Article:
Preached by Alan Jenkins LLM on the evening of 15 November 2020: Second Sunday before Advent
1 Kings 1:15-40 / Revelation 1:14-18
Evensong scripture readings for this Sunday all resonate with our current global situation, and so, together, highlights some parallels with the particular times we are in just now.
Our Old Testament reading (1 Kings 1:15-40) is set around the struggle for the succession to King David, with rival camps for Adonijah and Solomon making a play for the throne. The matter was settled by the word of the old King David, and so Solomon reigned. In the USA at the moment confrontations for presidential power have been raging, and the future may well be a revelation yet to be seen.
Our New Testament extract (Revelation 1:14-18) is very much concerned with a future, too, as John tries to describe a world beyond the present, in the context of the Jewish understanding that time was divided into two ages – the present which was beyond redemption, and the future, the age to come, God’s golden age of peace, prosperity and righteousness that would vindicate the people’s right to be known as the people of God. Our present times, if not beyond redemption, are certainly experiences that we want to displace by a better age, and we must hope that all that is going on at present to overcome the Covid virus will prevail, so that a vision of a new age can be seen and realised.
And then we have Psalm 98:19-29, which focuses on the past, on God’s covenant with David, a scene-setter as it were for unhappy present times, and an entreaty for better times to come.
So, taking tonight’s scripture as a whole we are compelled to consider time, ages, eras, in terms of past, present and future. At this time of the year we pause to look back, with All Souls, All Saints, and Remembrance etc. Important as it is to remember with thanks and gratitude the saints, redeemers and guardians who have gone before, it is also vital that we can have visions of a future that is worth striving for.
Tom Wright, theologian, professor and a former Bishop of Durham, has written a book entitled ‘God and the Pandemic’, and earlier Brenda Holden had kindly offered to lead a reading and discussion group which would have effectively looked at the obvious question ‘Why does God let things like this happen?’ Sadly, the Covid restrictions themselves have prevented the group from forming, but that should not detract any of us from reading the book.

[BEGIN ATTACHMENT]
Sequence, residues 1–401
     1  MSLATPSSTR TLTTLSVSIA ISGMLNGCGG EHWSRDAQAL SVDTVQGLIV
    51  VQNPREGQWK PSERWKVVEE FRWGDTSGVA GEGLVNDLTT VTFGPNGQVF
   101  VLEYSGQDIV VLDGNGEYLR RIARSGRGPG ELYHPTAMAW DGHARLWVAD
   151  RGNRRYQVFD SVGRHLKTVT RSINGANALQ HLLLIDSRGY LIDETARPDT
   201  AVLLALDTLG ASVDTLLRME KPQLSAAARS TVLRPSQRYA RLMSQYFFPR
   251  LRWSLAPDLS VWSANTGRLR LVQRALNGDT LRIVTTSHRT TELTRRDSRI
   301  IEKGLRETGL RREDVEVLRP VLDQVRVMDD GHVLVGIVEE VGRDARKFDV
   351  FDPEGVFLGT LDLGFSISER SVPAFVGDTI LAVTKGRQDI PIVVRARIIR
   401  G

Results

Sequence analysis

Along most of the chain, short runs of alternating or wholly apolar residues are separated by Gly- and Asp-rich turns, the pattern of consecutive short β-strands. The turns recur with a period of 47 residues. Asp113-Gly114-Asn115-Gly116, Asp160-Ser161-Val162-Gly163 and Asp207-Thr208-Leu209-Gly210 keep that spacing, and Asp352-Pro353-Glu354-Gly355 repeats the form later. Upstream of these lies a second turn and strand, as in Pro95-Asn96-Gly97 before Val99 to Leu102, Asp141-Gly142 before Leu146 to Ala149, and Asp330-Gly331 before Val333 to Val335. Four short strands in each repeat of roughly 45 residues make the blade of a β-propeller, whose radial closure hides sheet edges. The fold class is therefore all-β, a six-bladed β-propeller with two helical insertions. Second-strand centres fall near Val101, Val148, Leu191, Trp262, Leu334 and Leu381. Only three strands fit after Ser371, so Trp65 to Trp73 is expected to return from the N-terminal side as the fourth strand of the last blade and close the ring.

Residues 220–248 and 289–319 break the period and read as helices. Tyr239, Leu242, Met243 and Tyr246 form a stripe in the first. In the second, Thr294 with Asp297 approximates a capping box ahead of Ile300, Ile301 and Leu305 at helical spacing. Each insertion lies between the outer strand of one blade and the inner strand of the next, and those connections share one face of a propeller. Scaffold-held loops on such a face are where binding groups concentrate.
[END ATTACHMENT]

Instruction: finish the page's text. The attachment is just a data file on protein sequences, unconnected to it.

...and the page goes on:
Early on, Wright takes us back to the pagan world of Greece and Rome, when thinkers and observers basically came from one of three categories: Stoics, who believed that everything was pre-destined, and couldn’t be changed; the Epicureans who believed that everything is random, so you couldn’t do anything more than put up with it; and the Platonists, who looked on present life as a shadow of reality, to be replaced by the destiny of a different world.
Any of these classical approaches may produce excuses for doing nothing, an inertia that, however, may be awoken to feed an increasingly common reaction today to find someone to blame. The consequences of the pandemic produce any number of issues that could potentially be laid at someone’s door, but merely to find a scapegoat now for something that had happened in the past, cannot usefully contribute to providing solutions for the future.
Historians record the past, prophets look at the present, and visionaries see the future, and so, in the context of the pandemic, Tom Wright examines where we go from here. He acknowledges that there is a place for lament, not just feeling sorry for ourselves, but understanding the nature of grief for what has happened, as part of love. This is part of living through the present, which as Christians we should do in the context of talking about God in an increasingly secular society, trying to understand how Jesus acknowledges opposing views and attitudes.
And the crunch question for Tom Wright, and all of us, is ‘How do we recover?’ He looks at different imperatives, and considers possible initiatives and outcomes. Some are ‘no-brainers’ some are inevitable, and some will only succeed if everyone has a common sense of determination to make them work.
We could sum up our response to that question in one word – ‘faith’ or perhaps ‘hope’, but either way faith anchors hope for us in the context of Christian teaching. So, all that we learn, all that we believe, all that we can share with each other, should be used to uphold the fundamental desire to prevail as equal citizens of this world and God’s Kingdom, in homage to him, and with integrity as stewards of his gifts of creation to us.
A duty, a responsibility, of course, but understand that it is essential that we all make a positive response, however we can, to declare that God is with us, and has faith in us. So he is asking us, as Christ’s disciples, to respond faithfully, hopefully, confident in the future that John’s Revelation puts before us.